which one has a greater acceleration, we don’t need to worry about the directions,
only the magnitude of this acceleration. So first of all, thinking about
object A, we know that the force that we’re considering in this case is the
24-newton force. That’s the force due to the
collision that’s causing an acceleration in the object. And then, we can say that this is
equal to the mass of the object which we’ll call 𝑚 subscript A multiplied by its
acceleration lowercase 𝑎 subscript A. And we can do the same thing for
B. We know that the force on the
object that we’re considering is 24 newtons. That’s the collision force. And this is equal to the mass of
the object 𝑚 subscript B multiplied by its acceleration.

Now, what we’re trying to do in
this question is compare 𝑎 subscript A to 𝑎 subscript B. Which of the objects’ accelerations
due to the collision is larger? So in order to do that, we need to
know what the objects’ masses are. And this is where we see why we
were given the weights of these objects in the first place. If we were simply going to ignore
these weights, then there would have been a red herring. But this is where they come in
handy because we can recall that the weight of an object is equal to the mass of
that object multiplied by the acceleration due to gravity, 9.8 metres per second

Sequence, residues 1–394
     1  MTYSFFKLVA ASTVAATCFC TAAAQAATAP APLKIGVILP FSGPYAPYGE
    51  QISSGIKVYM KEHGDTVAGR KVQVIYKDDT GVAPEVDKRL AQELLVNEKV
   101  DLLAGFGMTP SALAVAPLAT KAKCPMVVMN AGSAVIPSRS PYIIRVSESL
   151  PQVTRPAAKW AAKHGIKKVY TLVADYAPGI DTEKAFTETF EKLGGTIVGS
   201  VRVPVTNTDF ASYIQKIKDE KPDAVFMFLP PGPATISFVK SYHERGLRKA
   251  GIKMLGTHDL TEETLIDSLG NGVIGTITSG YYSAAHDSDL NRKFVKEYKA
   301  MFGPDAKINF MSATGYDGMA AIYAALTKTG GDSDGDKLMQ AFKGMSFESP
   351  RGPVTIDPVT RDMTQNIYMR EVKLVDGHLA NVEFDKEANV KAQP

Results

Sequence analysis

squared.

And so, for object A, we can say
that A’s weight — which we’ll call 𝑊 subscript A — is equal to its mass which is 𝑚
subscript A multiplied by the acceleration due to gravity which is a constant. And we can do the same for B. The weight of B is equal to the
mass of B multiplied by the acceleration due to gravity. Now at this point, we can see that
the weight of A is less than the weight of B. In other words, 𝑊 A is less than
𝑊 B. And therefore, the mass of A must
be less than the mass of B because we’re multiplying the mass by a constant value in
both cases to give us the weight. So what this means is that the
lower weight for object A compared to object B means that the mass of object A must
also be lower than the mass of object B. We can write this as the mass of A
is less than the mass of B.

And then, we can come back to these
two equations that we’ve set up here. We see that in both cases the
forces applied to these objects is the same; it’s 24 newtons. However, as we’ve seen, the masses
of these objects are different. And so, to compensate for that and
to give us the same left-hand side in both cases, the values of these two
accelerations must be different. And so, if we’re going to say that
the 24-newton force on object A is equal to a lower mass multiplied by some
acceleration, then in order to give us a value of 24 newtons as the force in order
to compensate for the low mass, the acceleration of the object needs to be
bigger. And conversely, we can say that 24
newtons, the force on object B, is equal to the larger mass of B multiplied by the
smaller acceleration of B.

And so, at this point, we found the
answer to our question. Because both objects have the same
force exerted on them due to the collision, but object A’s mass was lower than the
mass of object B, this means that object A is given a greater acceleration due to
the collision.